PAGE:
Restaurant Review: Caffe Italiano, Dublin

AN ITALIAN restaurant in Temple Bar? Keep still thy beating heart and quell thy cynicism. 

Restaurant Review: Caffe Italiano, Dublin

Despite the fact that it is located so bang in the centre of Temple Bar that you can hear accents from all over the world, Caffe Italiano is far removed from various other Italian eateries in the area which cater for the wearers of ‘isn’t Dublin great for the craic?’ t-shirts (not, I hasten to add, Il Vicoletto, which is located directly opposite this restaurant).

Another fact you need to be aware of is that while this place is in Temple Bar (quite likely the easiest place to find in Dublin) it isn’t particularly easy to find.

Indeed, it’s off the beaten track; turn onto a side street, through a narrow door — an adjunct to what some people call the ‘Crow Street Bazaar’ — and then it’s upstairs to the first floor with you. (There is a ground floor, off the street entrance, that acts as an 8am-6pm café and a somewhat more casual place to eat.)

Not that upstairs is formal. Oh, no — as you walk up the narrow staircase, you’re faced with the kind of freeform jazzy artwork that wouldn’t look out of place on Blue Note album covers designed in the 1950s.

Such artwork is continued around the walls, and adds a vaguely bohemian air to the already cool atmosphere. Factor in the music soundtrack of knowledgably curated jazz/blues — the right kind of music is crucial in compact restaurants such as this, yet we are continually surprised at how so many get it totally wrong — and you’d think you were somewhere much closer to the equator.

It’s a Tuesday evening, so there isn’t much of a customer buzz floating about the place, but by the window overlooking the street below there’s a couple whispering potentially sweet nothings to each other, and as we leave a group of well behaved 20-something blokes sit down, so we’re not totally alone.

Besides, there’s a level of easiness about this place, the lighting is soft, and the waiter is so authentically Italian he could be straight out of a Fellini movie. Much to like, then, and that’s just the ambience.

There are a couple of slight misdemeanours. Firstly, there’s a problem with the wine — something of a shortage. In succession we ask for a glass of two reds on the wine list only to be told they don’t have either of them in stock.

This seems odd, but apologies are sincere, and we reckon it’s such a small place perhaps it’s a stock control issue. Third time lucky, we go for a glass each of Nero d’Avola, a Sicilian wine with ripe cherry flavours.

We’d be into another glass, but it’s freezing outside, we have to drive home, and so we dip into the menu to keep our minds away from how responsible we are becoming.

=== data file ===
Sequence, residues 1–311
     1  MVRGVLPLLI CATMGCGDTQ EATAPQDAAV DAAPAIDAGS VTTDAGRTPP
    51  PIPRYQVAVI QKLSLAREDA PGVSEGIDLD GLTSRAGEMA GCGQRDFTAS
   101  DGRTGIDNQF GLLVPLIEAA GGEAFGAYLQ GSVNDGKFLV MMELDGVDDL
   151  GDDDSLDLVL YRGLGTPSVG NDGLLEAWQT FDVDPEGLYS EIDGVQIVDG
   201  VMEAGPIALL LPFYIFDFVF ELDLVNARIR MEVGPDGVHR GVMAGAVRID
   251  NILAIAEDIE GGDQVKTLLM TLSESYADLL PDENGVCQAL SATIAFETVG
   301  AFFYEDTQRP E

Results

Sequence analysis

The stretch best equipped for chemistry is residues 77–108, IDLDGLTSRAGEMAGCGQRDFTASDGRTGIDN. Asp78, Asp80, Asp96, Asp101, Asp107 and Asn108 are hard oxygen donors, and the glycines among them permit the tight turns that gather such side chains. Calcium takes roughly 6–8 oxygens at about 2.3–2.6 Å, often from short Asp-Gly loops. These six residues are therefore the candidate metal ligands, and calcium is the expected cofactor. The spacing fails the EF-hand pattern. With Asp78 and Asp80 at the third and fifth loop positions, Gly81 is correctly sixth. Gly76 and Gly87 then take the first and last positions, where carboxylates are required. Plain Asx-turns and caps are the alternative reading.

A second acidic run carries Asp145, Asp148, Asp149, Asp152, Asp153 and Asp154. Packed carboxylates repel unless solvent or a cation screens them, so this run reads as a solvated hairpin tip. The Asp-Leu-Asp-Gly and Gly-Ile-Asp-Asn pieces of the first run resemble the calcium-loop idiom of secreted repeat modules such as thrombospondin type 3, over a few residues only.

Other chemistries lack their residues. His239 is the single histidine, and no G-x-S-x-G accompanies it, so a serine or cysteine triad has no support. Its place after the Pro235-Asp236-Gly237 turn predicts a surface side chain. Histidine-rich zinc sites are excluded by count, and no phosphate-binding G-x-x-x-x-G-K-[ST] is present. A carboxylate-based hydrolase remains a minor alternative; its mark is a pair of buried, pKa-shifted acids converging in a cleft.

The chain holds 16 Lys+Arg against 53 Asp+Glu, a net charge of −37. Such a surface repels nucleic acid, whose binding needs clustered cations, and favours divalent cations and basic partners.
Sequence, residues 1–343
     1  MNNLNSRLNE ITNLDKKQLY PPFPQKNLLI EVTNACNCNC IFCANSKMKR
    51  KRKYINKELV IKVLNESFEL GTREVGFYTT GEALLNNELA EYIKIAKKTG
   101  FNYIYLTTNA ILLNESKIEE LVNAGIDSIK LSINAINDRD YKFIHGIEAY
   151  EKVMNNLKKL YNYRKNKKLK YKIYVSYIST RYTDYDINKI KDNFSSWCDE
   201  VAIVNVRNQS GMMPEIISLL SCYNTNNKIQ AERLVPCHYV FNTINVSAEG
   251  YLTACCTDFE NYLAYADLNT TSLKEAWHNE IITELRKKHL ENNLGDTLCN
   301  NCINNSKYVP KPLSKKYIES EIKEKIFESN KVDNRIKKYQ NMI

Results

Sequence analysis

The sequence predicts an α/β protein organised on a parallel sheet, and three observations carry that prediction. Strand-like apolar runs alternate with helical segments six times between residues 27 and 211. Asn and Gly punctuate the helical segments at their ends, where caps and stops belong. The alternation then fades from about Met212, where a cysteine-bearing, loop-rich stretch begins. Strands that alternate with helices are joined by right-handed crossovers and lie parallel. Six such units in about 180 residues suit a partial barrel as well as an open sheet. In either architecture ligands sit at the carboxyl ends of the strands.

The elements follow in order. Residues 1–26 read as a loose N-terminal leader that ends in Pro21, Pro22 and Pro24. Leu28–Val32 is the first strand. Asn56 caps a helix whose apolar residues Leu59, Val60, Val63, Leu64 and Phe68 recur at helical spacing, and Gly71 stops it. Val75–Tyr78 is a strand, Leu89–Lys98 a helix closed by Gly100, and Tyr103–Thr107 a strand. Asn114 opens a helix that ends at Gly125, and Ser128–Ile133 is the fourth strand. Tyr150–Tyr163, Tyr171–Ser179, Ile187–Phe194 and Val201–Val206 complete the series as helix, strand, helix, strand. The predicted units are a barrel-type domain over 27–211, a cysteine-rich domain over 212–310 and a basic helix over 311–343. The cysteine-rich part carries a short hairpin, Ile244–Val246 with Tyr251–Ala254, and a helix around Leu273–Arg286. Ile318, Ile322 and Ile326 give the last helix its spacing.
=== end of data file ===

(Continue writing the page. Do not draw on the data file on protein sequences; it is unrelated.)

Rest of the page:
From the Starter menu we choose Gamberi e Calamari (prawn and squid, which arrive lounging in a chilli oil sauce that brings beads of sweat to the brow; also, the squid is the least ‘chewiest’ I’ve ever eaten) and Saute Cozze Vongole (sautéed mussels and clams, served with tomatoes, olive oil, garlic, parsley and white wine).

Each dish is well proportioned, cooked perfectly, and tasty enough for the oil in each to be mopped up by the fresh bread the waiter left for us while we waited for the food to land on our table.

Mains arrive after several mood-setting jazz/blues songs. We have chosen more fish — Tagliatelle Gambero and Paccheri Zafferano Cod.

The former is as tasty as the starter; the prawns are ‘butterflied’, shaped so as to mop up more of the sauce.

This is a fiddly thing to do but worth the effort, as it looks appealing. Meanwhile, the latter (paccheri is large-tube pasta) comes stuffed with zingy morsels of fish that all too quickly disappear.

There’s a subtlety and studious finish to these dishes that belie the laidback surroundings, and if anything is highlighted it’s the care and attention afforded not only to the preparation, presentation and delivery of food but also to the customers sometimes puzzled looks.

In other words, anything we weren’t certain about, and queried, was answered in faltering but enthusiastically delivered English.

To conclude the meal, we ordered a dessert to share — Lemon Tart, which, considering the excellence that was proffered before, was a bit of a disappointment.

Not to worry — Caffe Italiano is a fine little place with oodles of character. Great in winter, but we’re guessing it’s a cracker when the sun is shining. Roll on July — only seven months to go!


Dinner for two, with wine, came to €69.50, tip extra.


Mon-Sun, 6pm-9pm. (Café section open Mon-Sat, 8am-6pm)

The verdict:

Food: 8/10

Service: 8/10

Ambience: 9/10

Drink: 7/10

Value: 8/10

Caffe Italiano, 7 Crow Street, Temple Bar, Dublin; Tel: 01-5511206,

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